There’s a more malicious issue to watch out for as well. With so many options, you may find yourself hoodwinked into donating to a group that’s just pretending to care for the environment. The International Foundation for the Conservation of Natural Resources is run by a Republican, and its mission is to loosen environmental regulations. The name may sound good. The cause is anything but.

If you want to introduce bold new ideas to, say, education, you don’t necessarily build a whole new school.

Having lived in San Francisco, where the tech boom has created some stupidly wealthy people, I’ve seen concerned individuals create nonprofits dedicated to worthy eco-causes. Opting to start one’s own nonprofit is not a problem relegated solely to the green world. Too many rich people would prefer to start their own charitable organization than go and volunteer for someone else.

If your nonprofit is going to be dedicated to something as broad as fighting climate change, your time and money would probably be better spent volunteering for an organization that’s already established, has the connections to key players, and knows what does and does not work.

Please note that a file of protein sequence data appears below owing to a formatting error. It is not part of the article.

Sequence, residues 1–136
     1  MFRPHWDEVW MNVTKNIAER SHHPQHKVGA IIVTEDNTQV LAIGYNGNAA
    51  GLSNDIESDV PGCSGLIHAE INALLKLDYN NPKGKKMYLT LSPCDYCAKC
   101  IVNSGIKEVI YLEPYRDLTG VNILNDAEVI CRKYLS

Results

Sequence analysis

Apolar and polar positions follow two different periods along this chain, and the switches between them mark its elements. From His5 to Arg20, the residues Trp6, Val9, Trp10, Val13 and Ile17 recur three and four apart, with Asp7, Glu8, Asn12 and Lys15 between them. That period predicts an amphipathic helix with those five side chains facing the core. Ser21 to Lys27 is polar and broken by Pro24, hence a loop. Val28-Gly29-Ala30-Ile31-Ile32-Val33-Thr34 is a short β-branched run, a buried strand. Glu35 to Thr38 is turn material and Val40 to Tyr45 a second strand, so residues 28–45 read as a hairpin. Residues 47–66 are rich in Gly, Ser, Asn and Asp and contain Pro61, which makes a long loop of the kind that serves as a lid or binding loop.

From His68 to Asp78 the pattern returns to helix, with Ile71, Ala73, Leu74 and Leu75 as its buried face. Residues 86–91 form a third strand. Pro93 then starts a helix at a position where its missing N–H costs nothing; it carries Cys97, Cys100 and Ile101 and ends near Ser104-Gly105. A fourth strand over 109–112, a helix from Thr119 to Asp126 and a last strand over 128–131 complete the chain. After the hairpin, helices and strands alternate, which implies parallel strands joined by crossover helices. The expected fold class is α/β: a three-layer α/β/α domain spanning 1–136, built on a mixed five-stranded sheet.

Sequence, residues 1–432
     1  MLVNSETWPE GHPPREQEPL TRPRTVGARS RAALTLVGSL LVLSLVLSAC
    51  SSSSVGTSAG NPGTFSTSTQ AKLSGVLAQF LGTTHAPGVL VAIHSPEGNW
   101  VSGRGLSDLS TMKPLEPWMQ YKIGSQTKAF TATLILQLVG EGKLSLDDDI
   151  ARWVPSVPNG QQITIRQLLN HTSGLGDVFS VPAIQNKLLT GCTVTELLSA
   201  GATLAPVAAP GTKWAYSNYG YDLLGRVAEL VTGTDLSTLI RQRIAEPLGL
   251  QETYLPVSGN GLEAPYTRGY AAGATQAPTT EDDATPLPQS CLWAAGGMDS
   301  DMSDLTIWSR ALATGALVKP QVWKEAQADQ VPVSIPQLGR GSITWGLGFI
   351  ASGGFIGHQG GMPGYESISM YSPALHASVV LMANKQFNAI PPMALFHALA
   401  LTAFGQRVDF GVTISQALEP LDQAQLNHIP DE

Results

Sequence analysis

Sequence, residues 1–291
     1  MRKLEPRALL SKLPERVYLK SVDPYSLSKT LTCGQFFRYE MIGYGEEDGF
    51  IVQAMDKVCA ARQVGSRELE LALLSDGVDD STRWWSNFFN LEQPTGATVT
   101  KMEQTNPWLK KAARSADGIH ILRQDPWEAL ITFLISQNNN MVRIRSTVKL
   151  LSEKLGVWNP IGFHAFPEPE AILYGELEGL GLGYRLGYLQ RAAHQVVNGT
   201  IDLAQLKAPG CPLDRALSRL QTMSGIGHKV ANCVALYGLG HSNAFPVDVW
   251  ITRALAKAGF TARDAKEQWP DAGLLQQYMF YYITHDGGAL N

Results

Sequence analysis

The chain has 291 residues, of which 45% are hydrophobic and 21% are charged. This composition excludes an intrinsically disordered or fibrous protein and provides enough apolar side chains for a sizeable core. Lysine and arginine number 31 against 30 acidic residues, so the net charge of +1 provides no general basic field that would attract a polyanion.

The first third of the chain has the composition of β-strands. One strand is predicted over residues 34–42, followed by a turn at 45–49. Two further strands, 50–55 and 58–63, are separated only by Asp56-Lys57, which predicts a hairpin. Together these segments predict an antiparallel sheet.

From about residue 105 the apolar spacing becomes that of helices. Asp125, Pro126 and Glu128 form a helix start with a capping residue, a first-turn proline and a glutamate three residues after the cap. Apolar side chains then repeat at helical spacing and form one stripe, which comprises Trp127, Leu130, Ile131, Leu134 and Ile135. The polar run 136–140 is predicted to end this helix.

The National Resources Defense Council, for example, is a 50-year-old organization with an impressive track record. In 1,000 days, they filed 100 lawsuits against the Trump Administration’s efforts to roll back existing environmental legislation. They were successful in a stunning 92 percent of them.

Occasionally, we really do need a new environmental organization. Just 12 years old, 350.org is very new compared to, say, the 50-year-old World Wildlife Fund. Starting anew, 350.org has applied innovative, data-driven strategies to fundraising, lobbying, and getting climate-focused politicians elected.

One of the co-founders of 350.org is author Bill McKibbon, who along with Al Gore has done more to warn the public about our warming planet than probably any other American. Contrast that to teenagers inspired by Greta Thunberg who each want to start their own registered non-profit to fight climate change.

Don’t get me wrong: We really need young voices in this effort, as they will pay the price for the misguided policies and failures of older generations. And some come from parts of the world which may need more organized green groups. But if the strength of these young people lies in speaking up and galvanizing others, I’d rather not see those in the US waste time complying with endless paperwork requests to register and maintain their nonprofit’s tax-exempt status, figuring out how to run a small organization without bleeding money, and trying to raise funds at the same time. I’d prefer to see them join up with the three-year-old Sunrise Movement, which helped launch the Green New Deal.